The United States Postal Service has gone all out for the Total Eclipse of the Sun, which will occur August 21 from the northwest corner of the continental U.S. to South Carolina’s Atlantic Coast in the southeast. The moon on Monday will come between the Earth and sun. A shadow will totally block the sun from our sight for a 70-mile-wide path across the country. Those outside the path of totality will experience a partial solar eclipse.
This is the first time a total solar eclipse has been visible in the U.S. since 1979 and it’s the first time in 99 years such an eclipse as occurred entirely across the Lower 48, according to space.com. Several locales in Tennessee — such as Gallatin, Lebanon and Madisonville — get close to the maximum duration of totality, about 2 minutes and 40 seconds.
“One astronomer has said it will be the ‘most photographed, most shared, most tweeted event in human history,’ ” the Washington Post said in a recent story.
This special occasion called for a special stamp.
On June 20, the Summer Solstice, the USPS issued a first-ever stamp with changeable ink. The forever stamp, currently sold at 49 cents and forever valid for first-class domestic mail, has a darkened orb — such as an eclipsed sun — but when heated (such as under a thumb) turns into the face of the moon.
Post offices along the path have planned special events or postal cancellations for the eclipse. An interactive map from the U.S. Postal Service shows the swath of the eclipse and all of the post offices directly in its path.
The stamp uses thermochromic ink to create its special effect. The dark, round image of the eclipse on the stamp transforms into the illuminated moon from the heat of a finger. The image turns black again when it cools. This is the first time such ink has been used on a U.S. stamp, according to the Postal Service.
The Postal Service warns that thermochromic inks are vulnerable to UV light and should be kept out of direct sunlight as much as possible to preserve this special effect. To help ensure longevity, the Postal Service is offering a special dark envelope to hold and protect the stamp pane for 25 cents. The special ink also causes a full 16-stamp pane of the stamps to be slightly crinkled. Banknote Corporation of America printed the stamp and CTI, a specialized ink printer based in Colorado Springs, Colorado, added the thermochromic ink.
The Eclipse stamp was released on June 20 and celebrated with a first-day ceremony at the Art Museum of the University of Wyoming in Laramie. Taking part in the ceremony were NASA astrophysicist Madhulika “Lika” Guthakurta, University of Wyoming Department of Physics and Astronomy Professor Chip Kobulnicky, and astrophysicist Fred Espenak, known as “Mr. Eclipse,” joined the Postal Service for the first-day-of-issue ceremony.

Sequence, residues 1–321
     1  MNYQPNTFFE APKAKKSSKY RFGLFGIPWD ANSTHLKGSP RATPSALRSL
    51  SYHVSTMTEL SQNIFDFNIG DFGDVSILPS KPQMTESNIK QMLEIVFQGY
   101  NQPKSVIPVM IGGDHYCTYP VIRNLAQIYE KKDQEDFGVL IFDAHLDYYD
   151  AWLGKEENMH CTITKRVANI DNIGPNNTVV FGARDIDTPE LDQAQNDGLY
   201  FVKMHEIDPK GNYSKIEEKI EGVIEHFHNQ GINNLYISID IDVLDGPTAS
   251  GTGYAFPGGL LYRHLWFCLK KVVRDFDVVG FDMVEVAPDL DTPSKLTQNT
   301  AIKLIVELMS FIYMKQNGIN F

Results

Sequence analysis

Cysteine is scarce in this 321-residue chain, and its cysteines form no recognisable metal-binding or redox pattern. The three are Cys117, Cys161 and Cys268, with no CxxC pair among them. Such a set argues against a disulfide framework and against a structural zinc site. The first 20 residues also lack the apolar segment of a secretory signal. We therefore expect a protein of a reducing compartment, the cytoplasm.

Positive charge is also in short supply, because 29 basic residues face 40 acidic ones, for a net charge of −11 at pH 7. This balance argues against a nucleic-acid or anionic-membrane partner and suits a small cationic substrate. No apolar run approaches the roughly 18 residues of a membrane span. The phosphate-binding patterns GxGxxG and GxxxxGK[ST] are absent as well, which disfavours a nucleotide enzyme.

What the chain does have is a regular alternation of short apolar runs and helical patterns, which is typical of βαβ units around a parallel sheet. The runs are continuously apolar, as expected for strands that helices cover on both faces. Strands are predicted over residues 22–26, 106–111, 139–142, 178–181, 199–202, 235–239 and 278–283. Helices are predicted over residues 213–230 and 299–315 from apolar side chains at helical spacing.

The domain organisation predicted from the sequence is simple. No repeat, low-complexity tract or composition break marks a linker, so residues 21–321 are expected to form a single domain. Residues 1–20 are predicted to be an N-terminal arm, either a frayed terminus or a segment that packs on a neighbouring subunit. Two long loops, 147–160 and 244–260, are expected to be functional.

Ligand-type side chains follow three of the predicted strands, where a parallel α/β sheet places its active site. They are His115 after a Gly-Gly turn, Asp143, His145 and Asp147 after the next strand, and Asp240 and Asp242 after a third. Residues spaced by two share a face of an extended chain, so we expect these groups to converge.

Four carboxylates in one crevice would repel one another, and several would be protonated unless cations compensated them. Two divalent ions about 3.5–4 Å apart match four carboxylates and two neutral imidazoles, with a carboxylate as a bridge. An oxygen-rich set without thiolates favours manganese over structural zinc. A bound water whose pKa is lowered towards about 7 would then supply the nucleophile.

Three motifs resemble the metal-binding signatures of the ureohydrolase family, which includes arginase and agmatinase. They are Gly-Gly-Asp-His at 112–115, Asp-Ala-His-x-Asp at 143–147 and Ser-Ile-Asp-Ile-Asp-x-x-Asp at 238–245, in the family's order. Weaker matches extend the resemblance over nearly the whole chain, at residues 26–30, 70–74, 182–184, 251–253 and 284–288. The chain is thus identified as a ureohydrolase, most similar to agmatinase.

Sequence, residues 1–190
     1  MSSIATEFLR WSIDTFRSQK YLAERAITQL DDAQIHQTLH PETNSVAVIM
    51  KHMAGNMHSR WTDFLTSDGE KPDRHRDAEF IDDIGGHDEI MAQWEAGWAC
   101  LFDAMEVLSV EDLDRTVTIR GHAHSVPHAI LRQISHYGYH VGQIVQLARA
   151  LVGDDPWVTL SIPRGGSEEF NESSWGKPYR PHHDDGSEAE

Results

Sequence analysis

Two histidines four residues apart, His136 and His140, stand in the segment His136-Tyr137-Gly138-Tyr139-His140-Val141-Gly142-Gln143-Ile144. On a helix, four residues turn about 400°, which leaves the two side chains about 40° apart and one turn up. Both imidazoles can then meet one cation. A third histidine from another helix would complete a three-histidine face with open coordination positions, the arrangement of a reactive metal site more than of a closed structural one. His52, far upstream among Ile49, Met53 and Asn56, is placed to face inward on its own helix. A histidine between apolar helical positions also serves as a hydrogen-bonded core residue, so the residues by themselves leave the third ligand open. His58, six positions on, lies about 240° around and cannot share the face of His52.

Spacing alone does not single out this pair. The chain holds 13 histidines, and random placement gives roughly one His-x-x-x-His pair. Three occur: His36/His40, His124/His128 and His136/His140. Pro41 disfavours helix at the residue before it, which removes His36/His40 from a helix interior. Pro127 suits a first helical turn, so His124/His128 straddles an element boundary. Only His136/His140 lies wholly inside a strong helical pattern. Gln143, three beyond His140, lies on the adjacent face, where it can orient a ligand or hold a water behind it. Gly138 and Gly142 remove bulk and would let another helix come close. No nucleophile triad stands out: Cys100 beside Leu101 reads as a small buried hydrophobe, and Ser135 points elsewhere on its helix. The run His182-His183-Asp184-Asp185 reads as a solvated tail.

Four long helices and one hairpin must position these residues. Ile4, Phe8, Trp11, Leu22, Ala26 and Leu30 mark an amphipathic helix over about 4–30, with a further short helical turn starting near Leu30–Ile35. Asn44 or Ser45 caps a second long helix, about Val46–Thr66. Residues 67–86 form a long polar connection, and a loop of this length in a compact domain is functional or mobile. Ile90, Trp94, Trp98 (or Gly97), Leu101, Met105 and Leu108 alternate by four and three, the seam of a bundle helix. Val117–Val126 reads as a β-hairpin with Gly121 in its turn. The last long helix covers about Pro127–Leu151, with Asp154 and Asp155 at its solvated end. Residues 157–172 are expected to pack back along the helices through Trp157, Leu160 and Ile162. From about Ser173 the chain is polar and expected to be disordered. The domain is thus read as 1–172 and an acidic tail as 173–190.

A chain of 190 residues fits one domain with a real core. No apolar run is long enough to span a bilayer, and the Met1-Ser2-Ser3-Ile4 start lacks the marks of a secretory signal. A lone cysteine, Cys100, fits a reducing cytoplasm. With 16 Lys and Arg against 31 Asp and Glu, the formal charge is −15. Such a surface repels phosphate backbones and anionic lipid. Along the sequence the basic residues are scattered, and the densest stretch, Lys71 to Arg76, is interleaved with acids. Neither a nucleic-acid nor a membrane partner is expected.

The Solar Eclipse forever stamp is issued in a pane of 16. Art director Antonio Alcalá of Alexandria, Virginia, designed the stamp. The stamp features a photograph of an eclipse taken by Espenak on March 29, 2006 in Jalu, Libya.
Espenak, of Portal, Arizona, is a retired NASA astrophysicist and is considered by many to be the world’s leading authority on total solar eclipses with 27 under his belt.
A total solar eclipse provides us with the only chance to see the sun’s corona — its extended outer atmosphere — without specialized instruments. During the total phase of an eclipse the corona appears as a gossamer white halo around the black disk of the moon, resembling the petals of a flower reaching out into space.
Tens of millions of people in the United States hope to view this rare event, which has not been seen on the U.S. mainland since 1979. The eclipse will travel a narrow path across the entire country for the first time since 1918.
“With the release of these amazing stamps using thermochromic ink, we’ve provided an opportunity for people to experience their own personal solar eclipse every time they touch the stamps,” said Jim Cochrane, chief customer and marketing officer for the USPS, who took part in the first-day ceremony. “As evidenced by this stamp and other amazing innovations, the Postal Service is enabling a new generation to bridge the gap and tighten the connection between physical mail and the digital world.”
A total eclipse of the sun occurs when the moon completely blocks the visible solar disk from view, casting a shadow on Earth.
On the back of the pane is a map of the United States showing the path of totality, those places where the sun will be completely blocked as the moon passes between it and Earth. “The 70-mile-wide shadow path of the eclipse, known as the path of totality, will traverse the country diagonally, appearing first in Oregon (mid-morning local time) and exiting some 2,500 miles east and 90 minutes later off the coast of South Carolina (mid-afternoon local time),” the pane says.
Guthakurta warned that only people within the path of totality should view the eclipse with the naked eye.
“The sun can be viewed safely with the unaided eye only during the few brief seconds or minutes of a total solar eclipse,” said Guhathakurta. “Partial eclipses or partial phases of total solar eclipses are never safe to watch without solar eclipse glasses.”
Guthakurta recommended learning more on solar eclipse safety, educational and science information at eclipse2017.nasa.gov.
According to the timeanddate.com website, here are a few times of totality from west to east, all listed in local time and rounded to the nearest minute: Bend, Oregon, 10:20 a.m.; Idaho Falls, Idaho, 11:33 a.m.; Lincoln, Nebraska, 1:03 p.m.; St. Louis, Missouri, 1:18 p.m.; Nashville, Tennessee, 1:28 p.m.; and Charleston, South Carolina, 2:47 p.m.